Virtual machines (VMs) move into the massively parallel processing realm with Azul's Network Attached Processing (NAP) appliances. The latest crop is based on Azul's new chip, with 48 64-bit processing cores that can be combined into a 768-way symmetrical multiprocessing engine (SMP).
The processing cores are designed to run today's VMs, such as Java and .NET CLR (common language runtime). Its primary target is Java 2 Enterprise Edition. The processors could support a range of VM-based language platforms in the future, such as Python or PHP.
The Azul JVM uses a split VM architecture. The NAP can work with a conventional server front end. A small part of a JVM runs on the server, but the bulk of the application runs on the NAP. The two communicate transparently.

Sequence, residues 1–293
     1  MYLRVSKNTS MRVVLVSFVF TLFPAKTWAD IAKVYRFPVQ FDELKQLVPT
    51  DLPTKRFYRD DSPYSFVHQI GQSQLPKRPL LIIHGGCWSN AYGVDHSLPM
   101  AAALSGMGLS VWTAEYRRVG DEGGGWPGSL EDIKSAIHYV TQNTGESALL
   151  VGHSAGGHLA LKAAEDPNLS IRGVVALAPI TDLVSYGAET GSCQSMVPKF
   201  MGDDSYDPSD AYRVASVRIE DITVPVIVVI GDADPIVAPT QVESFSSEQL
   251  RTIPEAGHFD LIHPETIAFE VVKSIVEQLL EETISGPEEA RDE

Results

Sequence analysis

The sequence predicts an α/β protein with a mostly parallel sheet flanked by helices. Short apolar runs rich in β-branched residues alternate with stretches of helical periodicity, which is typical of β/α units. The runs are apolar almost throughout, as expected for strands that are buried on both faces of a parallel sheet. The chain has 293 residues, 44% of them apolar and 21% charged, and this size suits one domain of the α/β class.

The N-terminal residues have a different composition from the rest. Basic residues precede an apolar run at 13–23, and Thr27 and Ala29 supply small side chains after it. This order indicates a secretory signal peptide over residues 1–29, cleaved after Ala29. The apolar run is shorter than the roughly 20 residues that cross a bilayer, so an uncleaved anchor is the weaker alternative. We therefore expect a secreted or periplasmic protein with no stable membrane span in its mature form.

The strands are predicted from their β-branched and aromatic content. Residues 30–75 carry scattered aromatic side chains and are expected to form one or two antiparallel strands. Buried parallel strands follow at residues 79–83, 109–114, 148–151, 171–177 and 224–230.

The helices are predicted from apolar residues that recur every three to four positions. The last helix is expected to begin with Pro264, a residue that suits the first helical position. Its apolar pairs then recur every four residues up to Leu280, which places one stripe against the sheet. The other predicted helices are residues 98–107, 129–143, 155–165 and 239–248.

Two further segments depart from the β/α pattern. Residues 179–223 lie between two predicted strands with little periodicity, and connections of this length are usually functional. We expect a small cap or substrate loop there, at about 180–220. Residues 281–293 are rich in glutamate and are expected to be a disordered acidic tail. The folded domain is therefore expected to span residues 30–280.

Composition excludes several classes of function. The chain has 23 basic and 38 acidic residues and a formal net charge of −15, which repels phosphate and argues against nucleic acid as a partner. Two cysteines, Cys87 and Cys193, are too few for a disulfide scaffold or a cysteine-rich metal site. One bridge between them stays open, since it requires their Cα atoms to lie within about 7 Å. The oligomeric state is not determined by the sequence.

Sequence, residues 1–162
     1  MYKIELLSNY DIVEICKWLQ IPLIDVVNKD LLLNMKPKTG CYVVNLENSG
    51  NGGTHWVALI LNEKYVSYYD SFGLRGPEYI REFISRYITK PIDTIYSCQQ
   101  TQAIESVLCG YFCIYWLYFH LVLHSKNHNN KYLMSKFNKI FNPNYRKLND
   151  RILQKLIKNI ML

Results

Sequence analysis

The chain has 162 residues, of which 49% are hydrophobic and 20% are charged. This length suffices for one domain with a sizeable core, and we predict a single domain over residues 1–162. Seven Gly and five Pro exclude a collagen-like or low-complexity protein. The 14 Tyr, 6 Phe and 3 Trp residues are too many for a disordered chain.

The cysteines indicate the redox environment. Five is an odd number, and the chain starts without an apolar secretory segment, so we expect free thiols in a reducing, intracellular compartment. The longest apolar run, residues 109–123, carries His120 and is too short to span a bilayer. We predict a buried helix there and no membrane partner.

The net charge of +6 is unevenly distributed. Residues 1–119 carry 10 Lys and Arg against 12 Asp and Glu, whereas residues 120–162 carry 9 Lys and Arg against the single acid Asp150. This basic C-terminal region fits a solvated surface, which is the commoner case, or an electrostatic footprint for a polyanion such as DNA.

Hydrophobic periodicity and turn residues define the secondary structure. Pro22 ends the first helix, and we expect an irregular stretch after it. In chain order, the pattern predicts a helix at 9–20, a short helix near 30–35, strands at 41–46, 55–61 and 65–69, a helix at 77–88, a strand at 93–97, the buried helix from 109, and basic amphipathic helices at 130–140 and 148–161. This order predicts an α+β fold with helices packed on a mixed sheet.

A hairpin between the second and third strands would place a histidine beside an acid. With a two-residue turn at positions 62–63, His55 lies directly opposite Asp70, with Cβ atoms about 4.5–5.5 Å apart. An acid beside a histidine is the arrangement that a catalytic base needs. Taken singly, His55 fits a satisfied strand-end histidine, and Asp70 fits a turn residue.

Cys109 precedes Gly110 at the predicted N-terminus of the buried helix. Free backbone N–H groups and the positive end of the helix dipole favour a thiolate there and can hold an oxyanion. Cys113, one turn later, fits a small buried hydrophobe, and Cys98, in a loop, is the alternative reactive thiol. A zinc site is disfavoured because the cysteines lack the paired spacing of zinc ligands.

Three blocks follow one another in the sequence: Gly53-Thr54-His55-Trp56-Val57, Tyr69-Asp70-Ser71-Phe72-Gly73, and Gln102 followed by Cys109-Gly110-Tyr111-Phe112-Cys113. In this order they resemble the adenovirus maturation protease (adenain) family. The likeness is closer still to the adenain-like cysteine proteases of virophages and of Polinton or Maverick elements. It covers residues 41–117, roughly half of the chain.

This enables the server front end to handle I/O that's typically through TCP/IP sockets, while the application runs on the more powerful NAP. Such an approach permits easy migration from a serverbased JVM to a NAP-based solution. The NAP can serve more than one host.
Azul takes VM management to the next level with mainframe-style policybased management. Policies can address a range of options, from execution priorities to security.
The processing cores are designed to run VMs. They include hardware-based garbage collection that has a low overhead and minimal delays typically encountered with VMs that support large virtual memory spaces.
Accelerating applications in a cooperative multiprocess environment is key to Azul's success. Its optimistic lock thread concurrency approach assumes that Java locks can be bypassed.
If lock contention is detected, the system rolls back execution and handles the lock in a conventional fashion. Typically optimistic locking works 90% of the time, significantly improving performance. Any rollback overhead tends to have less impact because it occurs infrequently.